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Brown Vine Snake & Lizard

Oxybelis aeneus & Gonatodes albogularis


Brown snake preying on an Orange-headed lizard. The lizard was still struggling for life during the pictures


Secondary forest

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Nacho Garcia
Nacho Garcia 8 years ago

sorprendente amigo!!! Amazing!!!!

LaurenZarate 9 years ago

Congratulations Juan. Beautiful pictures but makes me sad.

Great moment Juan,super spotting,congrats on the well deserved SOTW and thanks for sharing

Zlatan Celebic
Zlatan Celebic 9 years ago

well deserved SOTD. Really a great series, all photos sharp and clear and full of action. Brilliant!

SukanyaDatta 9 years ago

Absolutely a hands down winner! I missed it when first posted. Congratulations, Juan DiTrani....
Rangers....great choice! Thank you.

Juan DiTrani
Juan DiTrani 9 years ago

Thanks guys!

Congratulations Juan!

Ashutosh Dudhatra
Ashutosh Dudhatra 9 years ago


Mark Ridgway
Mark Ridgway 9 years ago

Congrats. Well deserved.

DraganTapshanov 9 years ago

You should submit this shots to Nat. Geo!

Yasser 9 years ago

Congrats Juan! This super snake series was selected as our Spotting of the Week! Enjoy the recognition and thanks for sharing.


CalebSteindel 9 years ago

sweet series...

Juan DiTrani
Juan DiTrani 9 years ago

Thanks Mark!

Mark Ridgway
Mark Ridgway 9 years ago

Fantastic spotting Juan.

Juan DiTrani
Juan DiTrani 9 years ago

Thanks for the honor Fyn!

Fyn Kynd
Fyn Kynd 9 years ago

Your spotting has been nominated for the Spotting of the Week. The winner will be chosen by the Project Noah Rangers based on a combination of factors including: uniqueness of the shot, status of the organism (for example, rare or endangered), quality of the information provided in the habitat and description sections. There is a subjective element, of course; the spotting with the highest number of Ranger votes is chosen. Congratulations on being nominated!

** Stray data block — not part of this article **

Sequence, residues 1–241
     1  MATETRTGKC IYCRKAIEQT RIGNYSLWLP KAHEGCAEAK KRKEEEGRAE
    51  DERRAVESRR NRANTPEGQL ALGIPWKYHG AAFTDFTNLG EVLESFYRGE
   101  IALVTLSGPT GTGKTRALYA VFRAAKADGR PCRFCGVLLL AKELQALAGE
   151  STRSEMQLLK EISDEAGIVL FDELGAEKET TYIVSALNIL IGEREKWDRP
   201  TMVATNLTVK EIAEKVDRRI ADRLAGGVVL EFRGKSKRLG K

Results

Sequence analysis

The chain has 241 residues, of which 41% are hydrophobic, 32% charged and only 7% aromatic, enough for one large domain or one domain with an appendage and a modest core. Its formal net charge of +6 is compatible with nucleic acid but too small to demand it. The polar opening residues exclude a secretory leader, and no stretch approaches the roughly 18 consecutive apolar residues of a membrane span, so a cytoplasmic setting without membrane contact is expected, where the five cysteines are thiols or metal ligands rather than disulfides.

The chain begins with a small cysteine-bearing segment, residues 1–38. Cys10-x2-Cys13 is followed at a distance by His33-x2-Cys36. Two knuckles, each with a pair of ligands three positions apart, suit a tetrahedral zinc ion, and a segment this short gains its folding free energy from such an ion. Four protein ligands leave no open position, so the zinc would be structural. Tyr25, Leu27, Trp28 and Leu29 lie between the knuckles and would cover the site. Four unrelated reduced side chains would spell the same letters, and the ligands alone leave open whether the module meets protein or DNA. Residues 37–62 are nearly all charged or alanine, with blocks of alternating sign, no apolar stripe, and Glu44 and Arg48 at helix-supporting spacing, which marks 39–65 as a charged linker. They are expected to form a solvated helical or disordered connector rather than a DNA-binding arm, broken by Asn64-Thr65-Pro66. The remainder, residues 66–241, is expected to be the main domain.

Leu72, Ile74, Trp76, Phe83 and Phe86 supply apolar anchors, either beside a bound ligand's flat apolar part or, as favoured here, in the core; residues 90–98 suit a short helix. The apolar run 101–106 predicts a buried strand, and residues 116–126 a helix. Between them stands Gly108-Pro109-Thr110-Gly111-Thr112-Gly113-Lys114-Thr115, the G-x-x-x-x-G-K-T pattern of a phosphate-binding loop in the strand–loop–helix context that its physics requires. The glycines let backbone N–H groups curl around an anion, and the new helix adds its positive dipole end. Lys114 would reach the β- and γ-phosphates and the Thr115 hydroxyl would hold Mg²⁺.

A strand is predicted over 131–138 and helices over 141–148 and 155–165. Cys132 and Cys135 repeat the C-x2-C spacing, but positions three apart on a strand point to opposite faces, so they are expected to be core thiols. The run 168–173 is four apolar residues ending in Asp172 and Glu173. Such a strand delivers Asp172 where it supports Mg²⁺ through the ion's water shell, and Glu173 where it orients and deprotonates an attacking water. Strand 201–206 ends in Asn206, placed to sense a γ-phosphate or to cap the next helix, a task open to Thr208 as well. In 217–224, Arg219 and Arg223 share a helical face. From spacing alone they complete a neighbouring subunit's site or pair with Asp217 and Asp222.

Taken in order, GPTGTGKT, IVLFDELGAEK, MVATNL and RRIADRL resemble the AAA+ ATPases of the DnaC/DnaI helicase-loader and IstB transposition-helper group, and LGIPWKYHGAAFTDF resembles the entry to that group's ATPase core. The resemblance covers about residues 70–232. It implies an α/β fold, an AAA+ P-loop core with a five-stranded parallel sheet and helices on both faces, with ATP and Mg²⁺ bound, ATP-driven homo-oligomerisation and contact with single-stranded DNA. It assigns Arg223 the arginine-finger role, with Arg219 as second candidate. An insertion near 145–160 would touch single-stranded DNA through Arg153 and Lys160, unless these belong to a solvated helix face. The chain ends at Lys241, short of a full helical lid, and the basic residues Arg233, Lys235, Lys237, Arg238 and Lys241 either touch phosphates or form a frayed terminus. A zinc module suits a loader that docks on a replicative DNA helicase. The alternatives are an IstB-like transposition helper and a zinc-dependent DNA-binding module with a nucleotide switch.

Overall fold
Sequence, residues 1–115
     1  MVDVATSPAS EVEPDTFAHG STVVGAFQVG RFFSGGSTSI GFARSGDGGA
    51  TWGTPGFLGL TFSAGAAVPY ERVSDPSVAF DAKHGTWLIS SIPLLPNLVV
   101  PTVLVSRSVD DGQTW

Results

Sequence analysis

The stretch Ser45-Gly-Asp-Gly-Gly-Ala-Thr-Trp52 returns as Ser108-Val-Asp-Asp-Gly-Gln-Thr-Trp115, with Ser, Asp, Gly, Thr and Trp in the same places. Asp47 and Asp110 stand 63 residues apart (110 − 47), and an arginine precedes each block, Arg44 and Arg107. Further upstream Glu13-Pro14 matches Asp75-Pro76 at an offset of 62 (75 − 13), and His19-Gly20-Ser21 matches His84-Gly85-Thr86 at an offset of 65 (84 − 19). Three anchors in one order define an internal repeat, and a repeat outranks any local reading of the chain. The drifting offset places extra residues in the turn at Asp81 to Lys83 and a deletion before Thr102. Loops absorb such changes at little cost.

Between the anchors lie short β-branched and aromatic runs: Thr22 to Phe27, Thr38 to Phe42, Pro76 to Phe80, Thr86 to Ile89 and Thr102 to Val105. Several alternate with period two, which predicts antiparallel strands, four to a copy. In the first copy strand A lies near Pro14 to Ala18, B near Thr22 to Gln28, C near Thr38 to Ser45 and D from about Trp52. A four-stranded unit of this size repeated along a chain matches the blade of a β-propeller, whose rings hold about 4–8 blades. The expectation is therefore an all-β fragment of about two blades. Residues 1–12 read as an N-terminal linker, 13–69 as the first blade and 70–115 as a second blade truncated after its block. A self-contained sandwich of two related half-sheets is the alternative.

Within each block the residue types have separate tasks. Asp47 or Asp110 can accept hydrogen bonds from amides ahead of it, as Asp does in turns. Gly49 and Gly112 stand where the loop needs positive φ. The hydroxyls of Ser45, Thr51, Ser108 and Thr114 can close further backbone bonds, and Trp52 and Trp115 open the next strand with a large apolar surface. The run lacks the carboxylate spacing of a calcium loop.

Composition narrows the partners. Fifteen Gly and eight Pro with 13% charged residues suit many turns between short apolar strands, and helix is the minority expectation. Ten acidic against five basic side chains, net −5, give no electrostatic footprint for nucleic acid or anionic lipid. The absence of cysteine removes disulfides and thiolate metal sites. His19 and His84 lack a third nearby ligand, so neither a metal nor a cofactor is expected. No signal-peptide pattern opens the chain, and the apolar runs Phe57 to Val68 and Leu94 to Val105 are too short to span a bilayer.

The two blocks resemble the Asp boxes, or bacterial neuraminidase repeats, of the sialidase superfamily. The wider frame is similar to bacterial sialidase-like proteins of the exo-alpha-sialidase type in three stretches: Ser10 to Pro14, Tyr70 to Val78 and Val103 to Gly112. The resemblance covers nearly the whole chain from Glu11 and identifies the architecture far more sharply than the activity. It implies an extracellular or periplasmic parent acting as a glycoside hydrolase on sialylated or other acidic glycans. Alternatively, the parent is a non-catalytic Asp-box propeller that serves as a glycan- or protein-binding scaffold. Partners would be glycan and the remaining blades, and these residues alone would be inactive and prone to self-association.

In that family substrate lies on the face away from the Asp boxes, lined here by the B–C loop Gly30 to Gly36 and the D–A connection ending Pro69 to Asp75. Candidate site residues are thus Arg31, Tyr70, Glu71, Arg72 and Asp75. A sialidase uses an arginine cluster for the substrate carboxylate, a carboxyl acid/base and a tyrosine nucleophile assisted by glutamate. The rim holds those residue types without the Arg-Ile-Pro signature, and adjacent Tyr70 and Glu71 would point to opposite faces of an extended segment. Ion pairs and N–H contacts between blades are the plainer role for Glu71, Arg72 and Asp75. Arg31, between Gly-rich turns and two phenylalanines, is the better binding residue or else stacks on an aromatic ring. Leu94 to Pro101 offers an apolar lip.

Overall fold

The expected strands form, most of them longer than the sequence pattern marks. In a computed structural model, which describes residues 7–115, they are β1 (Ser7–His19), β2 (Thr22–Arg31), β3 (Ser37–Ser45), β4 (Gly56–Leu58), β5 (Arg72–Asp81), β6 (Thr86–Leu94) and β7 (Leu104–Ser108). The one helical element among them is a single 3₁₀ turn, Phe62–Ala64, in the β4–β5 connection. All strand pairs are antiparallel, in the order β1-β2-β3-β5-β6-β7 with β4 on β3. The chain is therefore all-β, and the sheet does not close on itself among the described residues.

Juan DiTrani
Juan DiTrani 9 years ago

Hi Ashley. I think the snake didn't feel comfortable with my pictures, so after a couple of minutes she started climbing the vines and entered the forest (but didn't release the prey)

AshleyT 9 years ago

The prey won't be struggling though, this snake is mildly venomous (though not a threat to humans). All it has to do to turn the lizard is move one fang at a time. I see my snakes do it while in the air, they are quite the little acrobats when they need to be :)

Sergio Monteiro
Sergio Monteiro 9 years ago

Ashley, I know that snakes (at least some of them) can move their jaws laterally, until they get to the prey's head. Also, I know that they can eat preys much bigger than themselves. But this snake has most of its body in the air, without a visible foothold. Besides, as it is not a constrictor type of snake, it would be hard for it to hold a large, struggling prey. Anyway, It is surely a great spotting.

AshleyT 9 years ago

Sergio he wouldn't have a problem eating something this size, just has to turn it the right way :) I am interested to know if you stayed to see if he ate it or not too though!

rams4d 9 years ago

Súper sólidas esas fotos.

Sergio Monteiro
Sergio Monteiro 9 years ago

Astonishing! Do you think the snake could handle such a big prey? Did it eat the lizzard?

Juan DiTrani
Juan DiTrani 9 years ago

Thanks Ashley

AshleyT 9 years ago

Such an awesome series!

Juan DiTrani
Spotted by
Juan DiTrani

Panamá, Panamá, Panama

Spotted on May 26, 2015
Submitted on Jun 4, 2015

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